Best Notebooks for Fountain Pens - There are Lots and Lots of Amazing Japanese Paper Out There
What I Learned During the Great Tomoe River Discontinuance of 2023
If the stationery world has been more up in arms about something in the last few years, I’m not aware of it. The news that Tomoe River paper would no longer be manufactured reverberated throughout the fountain community, causing reams to disappear from shelves before the rumor mill could even sort out the truth of what was left of the world’s supply.
I will be the first to admit that I frantically emailed Yunus and asked for a spare set (okay, fine, two spare sets of my favorite sizes of Everyday Books to be sent. My trusty B5 Everyday Book is a luxury and nearly a necessity!) Yunus remained calm during our back and forth. He soothed my frazzled “in love with 68gsm” nerves and assured me that Galen had a fair amount of Tomoe River paper in stock (the old version for you purists out there) and that there were also some alternatives that I needed to give a chance to or revisit after abandoning them for TR.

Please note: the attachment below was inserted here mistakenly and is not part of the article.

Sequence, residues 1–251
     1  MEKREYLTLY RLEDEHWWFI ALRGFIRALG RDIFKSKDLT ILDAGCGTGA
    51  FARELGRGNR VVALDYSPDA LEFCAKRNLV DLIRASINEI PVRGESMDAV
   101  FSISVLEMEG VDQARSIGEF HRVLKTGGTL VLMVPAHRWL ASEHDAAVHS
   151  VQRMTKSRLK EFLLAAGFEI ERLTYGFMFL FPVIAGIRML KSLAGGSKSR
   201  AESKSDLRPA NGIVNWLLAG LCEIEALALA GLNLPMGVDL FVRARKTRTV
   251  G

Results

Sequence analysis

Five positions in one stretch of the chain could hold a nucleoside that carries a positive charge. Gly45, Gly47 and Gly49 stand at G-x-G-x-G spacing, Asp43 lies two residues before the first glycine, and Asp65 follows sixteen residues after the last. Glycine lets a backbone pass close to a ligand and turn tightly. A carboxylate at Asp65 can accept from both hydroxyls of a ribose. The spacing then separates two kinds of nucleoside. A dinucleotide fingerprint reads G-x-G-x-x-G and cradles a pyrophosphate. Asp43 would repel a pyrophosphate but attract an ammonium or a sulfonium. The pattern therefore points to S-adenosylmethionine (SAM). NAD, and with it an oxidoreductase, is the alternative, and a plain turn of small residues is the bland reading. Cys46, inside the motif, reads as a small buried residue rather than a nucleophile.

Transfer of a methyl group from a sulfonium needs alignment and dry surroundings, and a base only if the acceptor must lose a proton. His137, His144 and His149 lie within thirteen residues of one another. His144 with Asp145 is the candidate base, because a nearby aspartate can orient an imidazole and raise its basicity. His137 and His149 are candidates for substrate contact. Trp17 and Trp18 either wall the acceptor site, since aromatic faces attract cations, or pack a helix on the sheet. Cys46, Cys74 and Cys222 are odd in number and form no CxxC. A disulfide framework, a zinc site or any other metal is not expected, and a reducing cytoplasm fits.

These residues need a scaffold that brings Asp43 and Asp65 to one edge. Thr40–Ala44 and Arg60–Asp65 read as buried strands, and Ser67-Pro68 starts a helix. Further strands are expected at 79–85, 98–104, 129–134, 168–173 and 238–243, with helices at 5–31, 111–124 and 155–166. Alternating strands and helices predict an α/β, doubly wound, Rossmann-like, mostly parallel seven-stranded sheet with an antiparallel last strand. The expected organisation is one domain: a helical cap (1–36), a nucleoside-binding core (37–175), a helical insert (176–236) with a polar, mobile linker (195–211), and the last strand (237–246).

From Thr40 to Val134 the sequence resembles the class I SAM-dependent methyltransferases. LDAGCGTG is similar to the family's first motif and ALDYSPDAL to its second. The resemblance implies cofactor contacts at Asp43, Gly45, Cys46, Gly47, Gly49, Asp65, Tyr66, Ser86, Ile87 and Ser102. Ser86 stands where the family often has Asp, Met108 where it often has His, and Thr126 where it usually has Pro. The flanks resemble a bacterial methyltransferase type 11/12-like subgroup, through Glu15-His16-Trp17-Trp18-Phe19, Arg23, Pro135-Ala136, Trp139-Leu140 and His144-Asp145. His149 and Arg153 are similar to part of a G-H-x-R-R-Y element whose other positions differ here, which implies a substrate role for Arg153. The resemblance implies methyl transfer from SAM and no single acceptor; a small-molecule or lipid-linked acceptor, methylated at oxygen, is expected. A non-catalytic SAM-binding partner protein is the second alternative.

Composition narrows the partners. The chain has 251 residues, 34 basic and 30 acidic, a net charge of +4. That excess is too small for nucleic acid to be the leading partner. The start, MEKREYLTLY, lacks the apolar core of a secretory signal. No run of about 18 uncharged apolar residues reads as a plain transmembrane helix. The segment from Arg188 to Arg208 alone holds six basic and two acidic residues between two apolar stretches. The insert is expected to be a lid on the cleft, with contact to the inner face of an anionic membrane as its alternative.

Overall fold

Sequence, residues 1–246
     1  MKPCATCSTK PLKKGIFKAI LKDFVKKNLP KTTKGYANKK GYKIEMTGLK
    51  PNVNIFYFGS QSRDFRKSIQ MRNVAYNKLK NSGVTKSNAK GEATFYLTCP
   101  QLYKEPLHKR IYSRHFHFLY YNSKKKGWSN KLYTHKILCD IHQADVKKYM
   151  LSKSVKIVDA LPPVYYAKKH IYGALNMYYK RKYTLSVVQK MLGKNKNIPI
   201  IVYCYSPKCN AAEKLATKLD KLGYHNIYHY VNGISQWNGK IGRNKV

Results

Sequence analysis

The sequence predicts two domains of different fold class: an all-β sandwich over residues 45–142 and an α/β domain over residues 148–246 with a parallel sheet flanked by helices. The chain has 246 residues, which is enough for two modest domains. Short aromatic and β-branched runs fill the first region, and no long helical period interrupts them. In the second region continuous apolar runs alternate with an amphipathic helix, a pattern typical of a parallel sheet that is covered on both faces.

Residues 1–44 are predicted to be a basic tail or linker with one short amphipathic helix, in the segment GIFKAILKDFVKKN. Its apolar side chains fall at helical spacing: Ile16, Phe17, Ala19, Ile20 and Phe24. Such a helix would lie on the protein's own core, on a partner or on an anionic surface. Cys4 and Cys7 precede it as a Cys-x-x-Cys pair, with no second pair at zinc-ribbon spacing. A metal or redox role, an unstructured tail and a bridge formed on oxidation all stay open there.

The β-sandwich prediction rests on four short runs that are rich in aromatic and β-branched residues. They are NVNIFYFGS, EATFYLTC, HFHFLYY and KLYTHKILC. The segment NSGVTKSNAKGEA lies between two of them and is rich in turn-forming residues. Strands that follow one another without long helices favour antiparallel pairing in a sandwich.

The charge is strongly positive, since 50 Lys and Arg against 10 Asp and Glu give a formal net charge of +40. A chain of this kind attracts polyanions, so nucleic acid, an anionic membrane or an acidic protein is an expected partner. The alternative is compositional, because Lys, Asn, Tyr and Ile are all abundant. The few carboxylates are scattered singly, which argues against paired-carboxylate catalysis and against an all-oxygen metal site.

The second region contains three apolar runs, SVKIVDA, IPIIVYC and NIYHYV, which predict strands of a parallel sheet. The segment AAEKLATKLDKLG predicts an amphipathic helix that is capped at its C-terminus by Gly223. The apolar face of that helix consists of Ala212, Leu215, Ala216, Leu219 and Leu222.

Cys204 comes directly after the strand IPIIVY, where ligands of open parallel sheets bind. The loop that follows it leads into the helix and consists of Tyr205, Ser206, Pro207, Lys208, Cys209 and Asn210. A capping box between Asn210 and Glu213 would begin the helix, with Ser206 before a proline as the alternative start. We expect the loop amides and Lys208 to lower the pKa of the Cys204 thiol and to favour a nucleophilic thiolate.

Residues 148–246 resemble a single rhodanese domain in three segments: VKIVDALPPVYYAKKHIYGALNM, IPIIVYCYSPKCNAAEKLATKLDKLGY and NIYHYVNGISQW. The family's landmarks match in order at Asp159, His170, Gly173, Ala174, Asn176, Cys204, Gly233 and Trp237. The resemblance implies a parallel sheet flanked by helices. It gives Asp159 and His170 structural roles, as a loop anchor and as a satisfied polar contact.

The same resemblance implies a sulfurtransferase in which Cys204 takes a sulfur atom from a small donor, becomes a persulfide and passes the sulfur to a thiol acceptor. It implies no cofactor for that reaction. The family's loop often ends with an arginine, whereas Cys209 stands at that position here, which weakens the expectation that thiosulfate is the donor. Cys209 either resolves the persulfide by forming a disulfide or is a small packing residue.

If you haven’t, this would be a good time to head here: https://www.galenleather.com/collections/japanese-notebooks
You will find that there are a whole range of beautiful Japanese papers that, while they may not be a substitute for Tomoe River, are worthy opponents and in fact, for some applications are a better choice. I heard those audible gasps. It’s true!
Here are the six fountain pen friendly notebooks, I gave a whirl that gave me hope for a happy future for myself and my pens (this melodrama is just slightly exaggerated by the way. It’s just paper people!)